Dennise Cook's 25-year-old son Nicolas died two months ago.
Dennise, her husband Donald Cook and daughter Natasha Cook, were at the Hope Walk in Rotorua on Saturday, an annual event held to bring about greater awareness around the issues of depression and suicide, and to promote suicide prevention.
"We're coping. Slowly getting there, day by day," Dennise told the Rotorua Daily Post.
She said the Hope Walk was part of that coping process.
"It just gives you that little bit of incentive to carry on with everyday life and hopefully try and help others go through it."
Dennise said she had met a woman at the Hope Walk who lost her daughter about 10 days after Nicolas' death.
"So we had a good talk on the way around, so yeah, it was really good."
More than 200 people took part in the 2.5km walk, which started at the Village Green and headed towards the Lakefront.
Most people were wearing yellow, the international colour for suicide awareness.
The event's organiser Christine Tomasevich said it was great that people could get together, support each other and talk to each other.
"Pretty much everybody that was here was here because they've lost somebody to suicide," she said.
"We want to raise awareness of depression and suicide and suicide prevention and try to remove the stigma that is attached to suicide and the shame that families feel when they lose somebody. There's no need to feel shame."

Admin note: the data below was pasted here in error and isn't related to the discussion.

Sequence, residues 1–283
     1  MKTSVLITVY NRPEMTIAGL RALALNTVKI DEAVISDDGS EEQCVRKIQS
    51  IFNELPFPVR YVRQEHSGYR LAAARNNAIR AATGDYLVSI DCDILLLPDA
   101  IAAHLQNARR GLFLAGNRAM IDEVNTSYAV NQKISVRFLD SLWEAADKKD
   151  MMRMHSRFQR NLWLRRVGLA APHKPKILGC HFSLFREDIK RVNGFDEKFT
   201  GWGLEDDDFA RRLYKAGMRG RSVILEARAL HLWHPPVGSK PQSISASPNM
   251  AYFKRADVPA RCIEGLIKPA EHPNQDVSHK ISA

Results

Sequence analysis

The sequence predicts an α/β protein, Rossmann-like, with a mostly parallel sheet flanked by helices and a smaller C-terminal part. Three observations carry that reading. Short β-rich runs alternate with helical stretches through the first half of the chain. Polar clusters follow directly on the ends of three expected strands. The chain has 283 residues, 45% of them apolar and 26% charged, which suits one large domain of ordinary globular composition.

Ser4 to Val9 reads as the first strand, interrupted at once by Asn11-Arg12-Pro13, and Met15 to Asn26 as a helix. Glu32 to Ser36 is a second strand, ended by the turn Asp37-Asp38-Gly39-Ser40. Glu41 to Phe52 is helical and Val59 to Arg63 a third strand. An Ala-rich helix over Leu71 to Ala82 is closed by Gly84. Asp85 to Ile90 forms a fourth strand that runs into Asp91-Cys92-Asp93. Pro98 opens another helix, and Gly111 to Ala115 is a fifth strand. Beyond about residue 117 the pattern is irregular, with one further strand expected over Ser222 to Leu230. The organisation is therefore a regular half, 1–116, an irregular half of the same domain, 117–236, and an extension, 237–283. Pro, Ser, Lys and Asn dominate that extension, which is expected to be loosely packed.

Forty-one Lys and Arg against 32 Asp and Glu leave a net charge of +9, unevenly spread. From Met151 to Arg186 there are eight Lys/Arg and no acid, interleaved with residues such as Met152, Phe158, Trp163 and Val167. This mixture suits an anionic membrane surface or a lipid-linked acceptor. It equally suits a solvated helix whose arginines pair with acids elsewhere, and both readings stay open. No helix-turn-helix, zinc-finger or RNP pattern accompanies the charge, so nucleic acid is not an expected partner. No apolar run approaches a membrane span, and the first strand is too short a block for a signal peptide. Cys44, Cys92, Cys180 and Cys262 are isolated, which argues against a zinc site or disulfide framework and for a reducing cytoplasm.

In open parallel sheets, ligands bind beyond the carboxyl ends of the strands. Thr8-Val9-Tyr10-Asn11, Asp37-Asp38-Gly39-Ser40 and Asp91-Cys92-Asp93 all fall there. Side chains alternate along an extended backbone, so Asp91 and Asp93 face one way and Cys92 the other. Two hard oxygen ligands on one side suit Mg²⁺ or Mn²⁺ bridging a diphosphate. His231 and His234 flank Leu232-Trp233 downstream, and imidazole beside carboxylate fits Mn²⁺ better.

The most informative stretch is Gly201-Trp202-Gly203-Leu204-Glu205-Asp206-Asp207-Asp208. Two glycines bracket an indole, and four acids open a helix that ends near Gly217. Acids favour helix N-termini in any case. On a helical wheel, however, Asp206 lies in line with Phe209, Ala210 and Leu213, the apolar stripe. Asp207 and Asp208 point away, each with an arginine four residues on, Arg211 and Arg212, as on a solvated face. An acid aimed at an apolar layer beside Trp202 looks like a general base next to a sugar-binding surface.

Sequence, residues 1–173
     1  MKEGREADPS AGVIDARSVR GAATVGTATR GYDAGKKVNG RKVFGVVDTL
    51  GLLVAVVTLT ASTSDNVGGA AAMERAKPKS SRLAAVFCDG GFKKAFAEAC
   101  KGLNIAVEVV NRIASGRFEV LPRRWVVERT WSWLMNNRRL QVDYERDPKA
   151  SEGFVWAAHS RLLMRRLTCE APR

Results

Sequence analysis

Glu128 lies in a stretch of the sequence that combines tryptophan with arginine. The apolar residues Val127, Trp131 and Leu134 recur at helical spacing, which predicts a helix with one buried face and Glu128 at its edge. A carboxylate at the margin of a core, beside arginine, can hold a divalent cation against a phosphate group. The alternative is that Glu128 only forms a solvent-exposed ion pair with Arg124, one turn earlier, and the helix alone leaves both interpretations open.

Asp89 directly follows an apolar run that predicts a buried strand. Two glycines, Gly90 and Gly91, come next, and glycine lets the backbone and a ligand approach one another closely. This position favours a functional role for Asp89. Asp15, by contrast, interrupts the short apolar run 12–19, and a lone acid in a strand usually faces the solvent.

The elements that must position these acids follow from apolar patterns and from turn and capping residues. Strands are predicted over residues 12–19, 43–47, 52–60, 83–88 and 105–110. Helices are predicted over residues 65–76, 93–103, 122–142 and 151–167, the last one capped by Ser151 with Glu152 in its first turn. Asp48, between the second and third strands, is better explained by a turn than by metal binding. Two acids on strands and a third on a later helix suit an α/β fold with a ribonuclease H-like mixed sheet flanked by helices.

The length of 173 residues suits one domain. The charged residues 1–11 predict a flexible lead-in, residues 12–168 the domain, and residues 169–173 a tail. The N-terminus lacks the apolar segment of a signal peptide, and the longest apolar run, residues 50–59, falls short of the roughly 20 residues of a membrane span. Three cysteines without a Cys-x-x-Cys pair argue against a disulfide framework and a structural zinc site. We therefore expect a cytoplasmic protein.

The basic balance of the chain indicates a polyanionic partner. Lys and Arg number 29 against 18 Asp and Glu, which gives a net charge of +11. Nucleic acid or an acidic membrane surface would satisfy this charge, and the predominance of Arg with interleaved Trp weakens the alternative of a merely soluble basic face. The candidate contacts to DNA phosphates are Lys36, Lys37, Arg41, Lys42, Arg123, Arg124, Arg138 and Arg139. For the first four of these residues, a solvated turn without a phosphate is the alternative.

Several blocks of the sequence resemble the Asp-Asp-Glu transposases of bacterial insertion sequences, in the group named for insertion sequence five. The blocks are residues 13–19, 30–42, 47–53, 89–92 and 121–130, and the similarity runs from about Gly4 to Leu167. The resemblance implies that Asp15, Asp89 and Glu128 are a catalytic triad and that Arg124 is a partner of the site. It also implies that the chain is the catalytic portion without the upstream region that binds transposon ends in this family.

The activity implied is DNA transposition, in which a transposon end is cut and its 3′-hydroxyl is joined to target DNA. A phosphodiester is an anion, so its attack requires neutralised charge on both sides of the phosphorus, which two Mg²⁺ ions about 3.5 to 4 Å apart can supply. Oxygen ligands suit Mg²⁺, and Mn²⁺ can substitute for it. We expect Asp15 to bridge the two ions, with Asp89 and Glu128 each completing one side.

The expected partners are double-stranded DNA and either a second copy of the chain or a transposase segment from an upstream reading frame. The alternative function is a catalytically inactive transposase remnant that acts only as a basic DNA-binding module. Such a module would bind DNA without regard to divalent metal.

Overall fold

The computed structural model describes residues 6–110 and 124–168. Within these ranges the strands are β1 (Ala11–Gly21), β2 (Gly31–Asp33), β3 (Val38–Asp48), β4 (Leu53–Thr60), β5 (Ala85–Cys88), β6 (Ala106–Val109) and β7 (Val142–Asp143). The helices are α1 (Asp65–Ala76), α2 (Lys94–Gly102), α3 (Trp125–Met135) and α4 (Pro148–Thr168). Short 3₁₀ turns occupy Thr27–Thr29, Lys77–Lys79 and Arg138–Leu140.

A teenager and her mum were at the walk.
The 17-year-old said she had struggled with depression and anxiety and various other mental illnesses and found the Hope Walk "empowering".
"I feel like it's very stigmatised and I feel like walks like this break the stigma. I know that if it wasn't so stigmatised I would have had help a lot earlier and my issues wouldn't have been as severe."
She said she was surprised by how many other young people were there.
"I think it's a good thing because, in a way, I think that the more that it's recognised, the more people will ask for help, and then they have more chance of getting help before it gets really severe."
WHERE TO GET HELP:
If you are worried about your or someone else's mental health, the best place to get help is your GP or local mental health provider. However, if you or someone else is in danger or endangering others, call police immediately on 111.
OR IF YOU NEED TO TALK TO SOMEONE ELSE:
• 0800 543 354 (0800 LIFELINE) or free text 4357 (HELP) (available 24/7)
• YOUTHLINE: 0800 376 633
• NEED TO TALK? Free call or text 1737 (available 24/7)
• KIDSLINE: 0800 543 754 (available 24/7)
• WHATSUP: 0800 942 8787 (1pm to 11pm)
• DEPRESSION HELPLINE: 0800 111 757 or TEXT 4202